The nine-member Nunavut Impact Review Board assesses the environmental and socio-economic impacts of development projects and advises the federal and territorial governments on their findings.

The Baffinland hearing is being assessed by three members who were appointed by the board in October 2020.

The hearing will continue until Feb 6.

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(12) Comments:

  1. Posted by Mack on

    Okay right on do not let southerners try to take over our land. it’s happened with agnico eagle and now our caribou are slowly vanishing slowly

  2. Posted by Federal Dollars on

    With the way these mining hearings turn into a circus, it is little wonder why there is little to no development in Nunavut. It will forever be a federally funded territory.

    • Posted by geena on

      we have these for a good reason, so glad we dont think like you.

      • Posted by Generational Dependency Is Us on

        Thinking like yours will continue to keep us dependent on others. Excellent work.

  3. Posted by taima on

    A billion dollars.
    Sounds like a lot of money.
    But Inuit have already receiced a billion dollars.
    That was NTI from Ottawa. This is QIA from Mary River.
    What benefit have Inuit received from the first billion?
    What has been learned from the first billion?
    A few people have gotten rich. A few elders have gotten a tiny amount. But for most Inuit, all that is heard is complain.
    Where’s the plan to use the money to build a better Nunavut?

  4. Posted by Wow on

    Something wrong with this? QIA has a certainty agreement with baffinland yet they represent the very communities that are opposing the expansion. Inuit not talking to their own inuit. Mittimatalikmiut should get infrastructure like housing in place before agreeing to an expansion. Inuit workers are moving south due to lack of housing. Legacy project on infrastructure would be good for both inuit and baffinland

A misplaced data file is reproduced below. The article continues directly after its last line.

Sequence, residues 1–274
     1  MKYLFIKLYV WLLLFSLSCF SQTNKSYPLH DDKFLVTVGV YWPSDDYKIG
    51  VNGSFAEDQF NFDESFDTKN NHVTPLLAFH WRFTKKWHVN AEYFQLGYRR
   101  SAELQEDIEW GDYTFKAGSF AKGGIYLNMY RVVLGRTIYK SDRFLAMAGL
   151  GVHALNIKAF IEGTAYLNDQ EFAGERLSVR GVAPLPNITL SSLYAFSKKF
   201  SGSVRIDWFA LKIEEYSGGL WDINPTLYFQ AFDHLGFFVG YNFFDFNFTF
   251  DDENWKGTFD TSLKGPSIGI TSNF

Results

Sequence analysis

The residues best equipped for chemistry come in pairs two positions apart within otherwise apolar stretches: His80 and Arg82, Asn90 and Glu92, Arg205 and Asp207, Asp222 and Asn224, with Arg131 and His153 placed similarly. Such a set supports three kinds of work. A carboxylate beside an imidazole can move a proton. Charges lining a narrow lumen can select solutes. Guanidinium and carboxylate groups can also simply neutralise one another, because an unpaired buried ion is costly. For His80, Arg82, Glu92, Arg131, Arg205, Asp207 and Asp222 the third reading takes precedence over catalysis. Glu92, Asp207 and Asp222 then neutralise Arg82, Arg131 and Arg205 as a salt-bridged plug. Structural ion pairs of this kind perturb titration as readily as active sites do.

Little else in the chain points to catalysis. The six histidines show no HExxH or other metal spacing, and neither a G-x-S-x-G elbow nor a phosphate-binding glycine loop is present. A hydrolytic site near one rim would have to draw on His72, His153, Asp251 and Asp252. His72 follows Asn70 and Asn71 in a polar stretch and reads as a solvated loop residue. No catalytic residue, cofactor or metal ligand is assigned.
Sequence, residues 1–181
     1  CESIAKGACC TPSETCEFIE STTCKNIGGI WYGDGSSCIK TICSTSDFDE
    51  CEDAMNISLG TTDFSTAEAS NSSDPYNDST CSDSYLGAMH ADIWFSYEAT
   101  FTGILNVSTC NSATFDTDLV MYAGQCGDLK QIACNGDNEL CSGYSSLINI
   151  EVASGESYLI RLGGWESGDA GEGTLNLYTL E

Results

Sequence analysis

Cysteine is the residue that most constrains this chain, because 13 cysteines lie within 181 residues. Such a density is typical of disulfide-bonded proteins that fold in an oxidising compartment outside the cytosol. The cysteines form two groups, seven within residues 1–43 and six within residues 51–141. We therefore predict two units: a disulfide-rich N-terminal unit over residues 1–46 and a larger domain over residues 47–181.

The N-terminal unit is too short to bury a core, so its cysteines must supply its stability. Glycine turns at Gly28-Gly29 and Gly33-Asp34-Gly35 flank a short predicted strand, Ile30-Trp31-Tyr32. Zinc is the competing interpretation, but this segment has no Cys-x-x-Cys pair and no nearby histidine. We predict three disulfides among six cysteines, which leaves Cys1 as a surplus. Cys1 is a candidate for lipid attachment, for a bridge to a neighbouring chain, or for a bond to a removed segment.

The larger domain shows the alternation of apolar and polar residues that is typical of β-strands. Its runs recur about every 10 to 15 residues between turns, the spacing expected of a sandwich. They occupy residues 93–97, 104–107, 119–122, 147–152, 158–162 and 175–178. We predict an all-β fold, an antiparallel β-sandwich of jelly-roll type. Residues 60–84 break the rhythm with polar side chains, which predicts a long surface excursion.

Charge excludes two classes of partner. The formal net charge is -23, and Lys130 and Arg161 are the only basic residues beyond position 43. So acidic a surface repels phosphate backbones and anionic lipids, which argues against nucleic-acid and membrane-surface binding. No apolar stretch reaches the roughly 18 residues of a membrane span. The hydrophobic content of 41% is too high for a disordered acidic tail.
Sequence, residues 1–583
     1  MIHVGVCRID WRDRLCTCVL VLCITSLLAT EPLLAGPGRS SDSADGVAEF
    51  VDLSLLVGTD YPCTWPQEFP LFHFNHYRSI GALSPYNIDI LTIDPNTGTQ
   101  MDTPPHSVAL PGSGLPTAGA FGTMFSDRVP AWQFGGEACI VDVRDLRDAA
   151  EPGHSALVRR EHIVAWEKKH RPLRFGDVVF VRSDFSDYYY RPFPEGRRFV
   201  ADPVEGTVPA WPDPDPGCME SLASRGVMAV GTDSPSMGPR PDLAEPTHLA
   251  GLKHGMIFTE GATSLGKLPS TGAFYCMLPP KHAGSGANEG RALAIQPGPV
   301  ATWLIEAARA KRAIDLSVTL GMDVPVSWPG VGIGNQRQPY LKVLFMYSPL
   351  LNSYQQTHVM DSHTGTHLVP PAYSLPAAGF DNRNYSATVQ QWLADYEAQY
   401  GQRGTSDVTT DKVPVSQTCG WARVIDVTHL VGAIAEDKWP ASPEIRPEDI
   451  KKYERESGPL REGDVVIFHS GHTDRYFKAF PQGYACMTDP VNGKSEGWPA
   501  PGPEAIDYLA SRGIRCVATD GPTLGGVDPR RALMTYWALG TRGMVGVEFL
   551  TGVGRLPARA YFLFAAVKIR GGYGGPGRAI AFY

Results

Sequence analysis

5. Posted by Jeff on

    We need to stop dividing the north and south. We are all canadian citizens we need to create jobs and a modern society up here. We cant be hunter gatherers forever. We need to adapt to new ways or our young will keep moving away south.

    • Posted by Truestory on

      I agree with you completely.

    • Posted by Absolutely on

      Right on! A voice of reason. It is a shame that there aren’t more like yours. There are far too many in positions of influence who have an interest in sowing division and mistrust. It is Nunavut’s prime industry it seems.

      • Posted by a lot of people on

        sit and comment on the side. Never doing just talking, you can’t fix a broken snowmobile on the side talking, go fix it yourself ‘IF’ you can.

  6. Posted by Time will show on

    The time will come when mining companies will leave Nunavut because of all the difficulties they experience. The time will come when all southerners will leave Nunavut because they are not welcomed here. The time will come when the GN will have hundreds of vacant positions that need to be filled quickly, with under educated Nunavummiut. The time will come and tuktu will be gone. Not because of environmental mining impacts, it will be because of over hunting and global warming. The time will come when the Federal Government will stop supporting Nunavut financial, because the Canadians in Nunavut do not “like” the Federal Government.

    The time will come when you have what you always wanted. The land, the freedom, no southern impact, no need to go to school, no need to go to work….if there are any jobs anyway. Nunavut will be on its own, just like requested so many times.
    If Inuit do not learn to go with the time and at least try to live a successful traditional and corporate life at the same time, time will show how satisfying your wishes are

    • Posted by Time Out on

      Time will come for you to realize that you have just made racist remarks about Inuit and posted your weak baseless wishes.